Welcome - Croeso
So you're thinking of studying at Swansea University Medical School? This page should give you an idea of what it's like to be a student here. If you have any other questions, please don't hesitate to get in touch.
The medical school run open days to students who have received their invitation to interview, following their application and submission of GAMSAT results. You can visit the school during general UCAS open days at the university. Alternatively, get in touch with the school to find out if there are any upcoming Medical School specific open days. This will allow you to get a feel for the campus as a whole, as well as seeing the medical school and meeting this team.
Here is a link to the Singleton Park campus map, which may be helpful for your visit. Please note that medical students do not have anything timetabled on the new Bay campus.
Early Clinical Contact
One of the benefits of a Graduate Entry degree is that you have the opportunity of clinical contact much earlier than undergraduate medical degrees. Swansea is particularly good for this. This year, students had their first day in a GP surgery within 6 weeks of starting. Furthermore, once you start at Swansea, as soon as you pass the health check and give evidence of your DBS check you will be able to book LOCS.
Learning Opportunities in a Clinical Setting, or LOCS, are a great way to get into the clinical setting early, and to try out different areas of medicine. LOCS are typically 3-hour blocks spent in an area of the student's choosing. There is a catalogue of hundreds of LOCS that can be booked by students when they have a free morning or afternoon. Some examples are:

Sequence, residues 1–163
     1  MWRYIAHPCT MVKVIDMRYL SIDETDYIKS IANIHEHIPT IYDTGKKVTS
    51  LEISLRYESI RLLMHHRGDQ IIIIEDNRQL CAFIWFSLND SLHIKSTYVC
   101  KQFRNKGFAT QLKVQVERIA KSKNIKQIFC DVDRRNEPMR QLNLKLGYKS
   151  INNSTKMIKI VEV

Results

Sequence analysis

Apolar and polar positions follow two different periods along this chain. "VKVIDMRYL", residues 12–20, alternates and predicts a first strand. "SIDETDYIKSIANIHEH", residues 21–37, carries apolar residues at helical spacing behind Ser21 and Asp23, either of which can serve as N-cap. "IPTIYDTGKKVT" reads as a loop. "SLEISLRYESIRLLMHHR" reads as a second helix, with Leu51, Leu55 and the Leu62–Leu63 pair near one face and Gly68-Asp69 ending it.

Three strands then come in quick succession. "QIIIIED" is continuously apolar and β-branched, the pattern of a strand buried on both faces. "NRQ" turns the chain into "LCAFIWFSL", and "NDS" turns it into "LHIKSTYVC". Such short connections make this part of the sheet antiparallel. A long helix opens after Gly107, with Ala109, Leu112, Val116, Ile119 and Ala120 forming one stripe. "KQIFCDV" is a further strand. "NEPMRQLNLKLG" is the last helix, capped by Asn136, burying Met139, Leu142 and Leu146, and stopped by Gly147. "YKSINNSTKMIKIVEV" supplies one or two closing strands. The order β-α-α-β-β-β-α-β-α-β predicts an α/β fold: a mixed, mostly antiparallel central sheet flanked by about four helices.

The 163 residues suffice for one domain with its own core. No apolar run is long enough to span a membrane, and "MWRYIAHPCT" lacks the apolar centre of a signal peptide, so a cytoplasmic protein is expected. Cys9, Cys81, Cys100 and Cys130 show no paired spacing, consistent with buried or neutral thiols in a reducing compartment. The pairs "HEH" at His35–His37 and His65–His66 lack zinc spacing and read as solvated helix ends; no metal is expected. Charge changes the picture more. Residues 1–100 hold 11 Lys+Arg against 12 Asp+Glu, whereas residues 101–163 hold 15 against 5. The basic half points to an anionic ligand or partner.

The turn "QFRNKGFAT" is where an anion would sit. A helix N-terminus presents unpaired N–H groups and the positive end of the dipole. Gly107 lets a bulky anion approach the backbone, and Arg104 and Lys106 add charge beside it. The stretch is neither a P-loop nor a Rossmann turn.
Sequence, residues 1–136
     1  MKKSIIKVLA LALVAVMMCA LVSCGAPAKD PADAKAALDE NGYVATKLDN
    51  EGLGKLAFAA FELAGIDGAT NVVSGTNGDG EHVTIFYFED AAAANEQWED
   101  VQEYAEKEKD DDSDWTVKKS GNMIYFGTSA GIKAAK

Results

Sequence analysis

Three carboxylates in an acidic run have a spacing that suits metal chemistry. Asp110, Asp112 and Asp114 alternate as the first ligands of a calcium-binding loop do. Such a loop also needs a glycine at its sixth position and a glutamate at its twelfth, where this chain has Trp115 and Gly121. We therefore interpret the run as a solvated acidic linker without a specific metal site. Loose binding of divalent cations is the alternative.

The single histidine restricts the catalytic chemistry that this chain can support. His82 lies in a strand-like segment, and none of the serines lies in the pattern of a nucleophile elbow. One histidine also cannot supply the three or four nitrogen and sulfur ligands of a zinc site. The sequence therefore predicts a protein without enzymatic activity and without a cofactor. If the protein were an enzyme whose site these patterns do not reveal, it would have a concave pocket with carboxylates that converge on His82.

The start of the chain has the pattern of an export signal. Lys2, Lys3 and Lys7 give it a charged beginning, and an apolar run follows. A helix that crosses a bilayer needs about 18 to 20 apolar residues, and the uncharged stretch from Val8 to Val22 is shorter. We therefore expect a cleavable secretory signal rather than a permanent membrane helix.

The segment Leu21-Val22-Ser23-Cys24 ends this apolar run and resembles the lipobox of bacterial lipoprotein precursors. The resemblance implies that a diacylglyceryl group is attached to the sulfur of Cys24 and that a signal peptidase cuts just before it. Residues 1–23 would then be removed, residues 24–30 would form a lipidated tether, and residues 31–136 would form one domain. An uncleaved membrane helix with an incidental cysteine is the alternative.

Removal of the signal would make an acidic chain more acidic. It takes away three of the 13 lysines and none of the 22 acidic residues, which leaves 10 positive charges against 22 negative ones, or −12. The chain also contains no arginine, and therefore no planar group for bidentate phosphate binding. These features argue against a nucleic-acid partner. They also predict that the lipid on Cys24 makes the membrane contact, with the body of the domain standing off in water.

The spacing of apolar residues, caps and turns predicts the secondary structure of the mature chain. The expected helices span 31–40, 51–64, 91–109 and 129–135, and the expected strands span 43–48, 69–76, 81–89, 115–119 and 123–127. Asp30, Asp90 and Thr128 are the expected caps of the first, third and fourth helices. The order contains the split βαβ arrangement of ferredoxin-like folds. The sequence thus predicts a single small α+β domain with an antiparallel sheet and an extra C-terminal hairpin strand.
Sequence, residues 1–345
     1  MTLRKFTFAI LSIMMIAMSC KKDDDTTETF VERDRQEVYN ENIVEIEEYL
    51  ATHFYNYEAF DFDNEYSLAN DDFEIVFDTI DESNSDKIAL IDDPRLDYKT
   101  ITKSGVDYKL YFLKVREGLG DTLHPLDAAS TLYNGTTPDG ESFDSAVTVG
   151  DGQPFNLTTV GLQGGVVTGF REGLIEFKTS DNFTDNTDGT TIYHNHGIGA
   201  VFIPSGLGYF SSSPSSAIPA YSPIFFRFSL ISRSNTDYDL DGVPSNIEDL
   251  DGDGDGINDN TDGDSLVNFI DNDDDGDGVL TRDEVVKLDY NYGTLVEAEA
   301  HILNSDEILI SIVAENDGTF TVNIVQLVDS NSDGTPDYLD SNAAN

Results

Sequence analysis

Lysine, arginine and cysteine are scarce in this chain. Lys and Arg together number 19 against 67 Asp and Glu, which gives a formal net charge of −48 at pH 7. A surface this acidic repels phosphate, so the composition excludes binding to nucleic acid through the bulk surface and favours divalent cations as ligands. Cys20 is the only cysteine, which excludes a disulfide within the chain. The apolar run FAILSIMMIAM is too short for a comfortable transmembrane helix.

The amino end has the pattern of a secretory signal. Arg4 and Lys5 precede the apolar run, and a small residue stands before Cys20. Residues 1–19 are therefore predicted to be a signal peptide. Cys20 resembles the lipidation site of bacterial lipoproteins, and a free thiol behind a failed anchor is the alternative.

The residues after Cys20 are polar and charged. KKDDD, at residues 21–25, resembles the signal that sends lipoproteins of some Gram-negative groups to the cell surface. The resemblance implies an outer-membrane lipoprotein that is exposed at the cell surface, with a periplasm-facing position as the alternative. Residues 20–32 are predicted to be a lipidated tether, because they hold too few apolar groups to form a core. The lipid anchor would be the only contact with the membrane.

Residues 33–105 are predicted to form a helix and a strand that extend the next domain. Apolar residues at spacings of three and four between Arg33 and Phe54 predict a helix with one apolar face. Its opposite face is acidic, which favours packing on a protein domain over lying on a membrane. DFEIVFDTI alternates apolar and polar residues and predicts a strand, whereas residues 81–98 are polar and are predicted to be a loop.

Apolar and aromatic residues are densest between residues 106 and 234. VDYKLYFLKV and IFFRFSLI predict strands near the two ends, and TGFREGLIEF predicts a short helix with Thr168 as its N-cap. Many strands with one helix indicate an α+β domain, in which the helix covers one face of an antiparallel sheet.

- Shadowing a junior doctor in A&E.
- Working alongside paramedics in the back of an ambulance (12 hours).
- Shadowing a maxillofacial surgeon.
- Going along to help at the Maggie's centre at Singleton (see Charities).
- Child and Adolescent Mental Health Clinic.
- Shadowing team doctor for Swansea RFC at a match.
- Many, many more across all specialties.
Instead of a modular learning curriculum, Swansea Medical School adopts a spiral learning scheme. This means that each week can be completely different to the next, but over time key themes are revisited and a strong foundation knowledge is built upon. This is beneficial as the further you get into your course, the more the spiral works and you can start linking weeks with previous topics. This also means that if you have a particular topic that you're struggling with or finding it difficult to engage with, you'll be learning something new within a week!
Swansea University Medical School: Funding
Below is a short video by the medical school explaining the funding you will be able to get when you enrol as a medical student at Swansea. For more information, please visit the Graduate Entry Medicine Funding page.